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Rights of way: the way forward

PUBLISHED: 18:28 23 July 2012 | UPDATED: 21:39 20 February 2013

Rights of way: the way forward

Rights of way: the way forward

Rights of way disputes cost time and money, says Leo Hickish of the CLA. Make your voice heard by responding to the Government's consultation

As a county, Sussex offers more than 4,484 miles of public footpath, bridleway and byway, providing as many paths for walkers as there are roads. However, rights of way and rural access have always been a contentious issue as many believe the system is governed by a failing bureaucratic and legislative system which is long-winded, expensive and completely incomprehensible to the ordinary person.


In light of these ongoing issues Defra issued a consultation paper on 14 May 2012 on proposed changes to public rights of way. This offers a rare opportunity to make substantive improvements to public rights of way.


A Stakeholder Working Group set up by Natural England brought together many interest groups including The Ramblers Association, NFU, CLA, RSPB, Open Spaces Society and the British Horse Society. The Group agreed proposals which now form the backbone of this consultation. The CLA believes that adopting these proposals will make a real difference to rights of way, making the system less bureaucratic, more flexible and more pragmatic. They will also help deliver a viable rights of way network at a time when county councils are struggling to fund the maintenance of their existing network, let alone take on new routes or worse still, fund the high legal costs of any application for a modification to the definitive map.


Common Sense


The CLA has long campaigned for a more common sense approach to be taken regarding rights of way. In 2000, Government legislated for a cut-off in 2026 so that after that date no more ancient, long-forgotten paths could be resurrected. The CLA believes it is ridiculous that such forgotten paths can be resurrected, regardless of the impact they might have nowadays, or that it is considered normal for it to take years to resolve rights of way cases. What we need is a network that meets the requirements of modern uses. It should be remembered that many old and disused paths served a purpose that no longer exists for example routes in the High Weald serving the iron industry right up to the 19th century and the industrial revolution.


Earlier this year the CLA published its own policy paper, The Right Way Forward, which sets out the issues that could be improved in relation to rights of way. The Association says it is wrong that cases over rights of way can be fought and won, but then the case can be re-opened and started all over again. It says the system should be fair to all so, for example, if someone is stopped from using a path that they believe is a public right of way, they should bring the claim straight away, not wait for years. And it wants the system to be less bureaucratic, so it proposes a quick, simplified procedure for dealing with inconsistencies on the rights of way map currently, even tiny technical changes have to follow the same convoluted procedure as large and controversial changes.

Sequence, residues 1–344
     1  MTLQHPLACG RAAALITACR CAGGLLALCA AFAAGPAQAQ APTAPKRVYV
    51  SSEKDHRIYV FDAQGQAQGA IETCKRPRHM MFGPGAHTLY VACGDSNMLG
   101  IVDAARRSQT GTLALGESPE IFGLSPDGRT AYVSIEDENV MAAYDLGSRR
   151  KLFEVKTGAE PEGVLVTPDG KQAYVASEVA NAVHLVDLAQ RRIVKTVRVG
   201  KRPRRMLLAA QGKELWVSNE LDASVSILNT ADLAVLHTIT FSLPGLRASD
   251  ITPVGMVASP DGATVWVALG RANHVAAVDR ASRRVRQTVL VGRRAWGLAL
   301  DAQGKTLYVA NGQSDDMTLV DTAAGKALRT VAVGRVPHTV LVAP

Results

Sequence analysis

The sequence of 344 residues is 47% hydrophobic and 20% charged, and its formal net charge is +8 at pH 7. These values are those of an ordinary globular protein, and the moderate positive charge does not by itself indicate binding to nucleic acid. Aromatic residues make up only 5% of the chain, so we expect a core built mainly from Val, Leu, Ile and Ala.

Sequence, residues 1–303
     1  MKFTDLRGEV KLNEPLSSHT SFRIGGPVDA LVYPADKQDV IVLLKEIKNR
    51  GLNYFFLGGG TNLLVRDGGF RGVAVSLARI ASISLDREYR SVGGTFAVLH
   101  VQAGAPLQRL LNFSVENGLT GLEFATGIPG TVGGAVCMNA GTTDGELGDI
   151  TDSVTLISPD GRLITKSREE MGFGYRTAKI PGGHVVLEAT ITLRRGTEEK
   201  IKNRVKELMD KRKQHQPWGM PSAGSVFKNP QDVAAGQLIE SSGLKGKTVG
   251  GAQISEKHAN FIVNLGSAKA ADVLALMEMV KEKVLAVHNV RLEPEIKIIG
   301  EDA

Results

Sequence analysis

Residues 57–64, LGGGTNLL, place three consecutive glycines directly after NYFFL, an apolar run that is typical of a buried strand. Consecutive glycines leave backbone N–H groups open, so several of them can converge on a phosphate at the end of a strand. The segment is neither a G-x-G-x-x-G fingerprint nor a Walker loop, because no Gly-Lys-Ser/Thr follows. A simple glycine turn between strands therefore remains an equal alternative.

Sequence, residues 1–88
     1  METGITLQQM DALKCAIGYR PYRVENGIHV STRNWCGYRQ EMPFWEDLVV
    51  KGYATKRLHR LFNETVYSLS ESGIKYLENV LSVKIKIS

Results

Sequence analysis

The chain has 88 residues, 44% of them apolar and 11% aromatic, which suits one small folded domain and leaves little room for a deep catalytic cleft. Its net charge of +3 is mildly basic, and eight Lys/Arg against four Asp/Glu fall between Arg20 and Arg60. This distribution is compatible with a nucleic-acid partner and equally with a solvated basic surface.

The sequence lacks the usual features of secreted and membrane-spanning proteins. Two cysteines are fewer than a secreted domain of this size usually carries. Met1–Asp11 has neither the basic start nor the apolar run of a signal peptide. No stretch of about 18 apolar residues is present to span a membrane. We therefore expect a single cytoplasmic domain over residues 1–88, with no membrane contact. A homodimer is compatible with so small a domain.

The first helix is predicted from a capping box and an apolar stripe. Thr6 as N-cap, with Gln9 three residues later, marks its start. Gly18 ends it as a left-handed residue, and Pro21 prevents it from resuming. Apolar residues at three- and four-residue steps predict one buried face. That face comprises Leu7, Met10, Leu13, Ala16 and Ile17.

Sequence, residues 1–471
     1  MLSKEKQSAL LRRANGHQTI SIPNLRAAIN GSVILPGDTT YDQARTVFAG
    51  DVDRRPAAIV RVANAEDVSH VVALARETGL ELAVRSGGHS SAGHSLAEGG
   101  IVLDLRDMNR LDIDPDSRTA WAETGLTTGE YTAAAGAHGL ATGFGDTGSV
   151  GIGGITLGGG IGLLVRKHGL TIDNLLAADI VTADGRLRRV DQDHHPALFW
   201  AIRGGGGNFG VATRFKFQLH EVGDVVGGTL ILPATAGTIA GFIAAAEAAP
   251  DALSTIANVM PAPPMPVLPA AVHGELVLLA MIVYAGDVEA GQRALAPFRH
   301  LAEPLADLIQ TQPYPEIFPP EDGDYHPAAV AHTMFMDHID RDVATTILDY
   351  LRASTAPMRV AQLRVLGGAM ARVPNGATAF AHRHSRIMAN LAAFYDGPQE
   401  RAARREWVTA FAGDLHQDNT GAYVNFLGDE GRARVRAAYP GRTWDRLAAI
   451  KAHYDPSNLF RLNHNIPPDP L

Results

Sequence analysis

Sorting out rights of way costs time and money. It costs many thousands of pounds for an authority to deal with a rights of way application, and landowners in Sussex have spent tens, even hundreds of thousands of pounds defending claims of rights of way through their homes.


It is welcome therefore that the Governments consultation takes a wider view than the remit which confined the Stakeholder Working Groups deliberations. It has some sensible proposals about allowing councils to use electronic communications rather than expensive paper advertising and reducing some of the needless bureaucracy surrounding all types of rights of way. The CLA welcomes much of this although there are also areas where further progress could be made.


Have your say


A more pragmatic approach would benefit everyone and so I urge you to respond to the consultation itself by 6 August or to contact the CLA National Access Adviser Sarah Slade who welcomes members views on this consultation (sarah.slade@cla.org.uk).


The CLA stresses that existing access has many benefits. It brings opportunity and engagement, the potential to educate and inform and to offer relaxation and recreation. But access has to work for everybody those who use it and those who provide it. It will require goodwill as well as good legislation and I believe that this consultation is a step in the
right direction.


Leo Hickish is the Chairman of the Sussex Branch of the Country Land & Business Association (CLA). The CLA is the membership organisation for owners of land, property and businesses in rural England and Wales. CLA members own or manage approximately half the rural land in England and Wales, and the resulting expertise puts the CLA in a unique position to formulate policies and lobby effectively.

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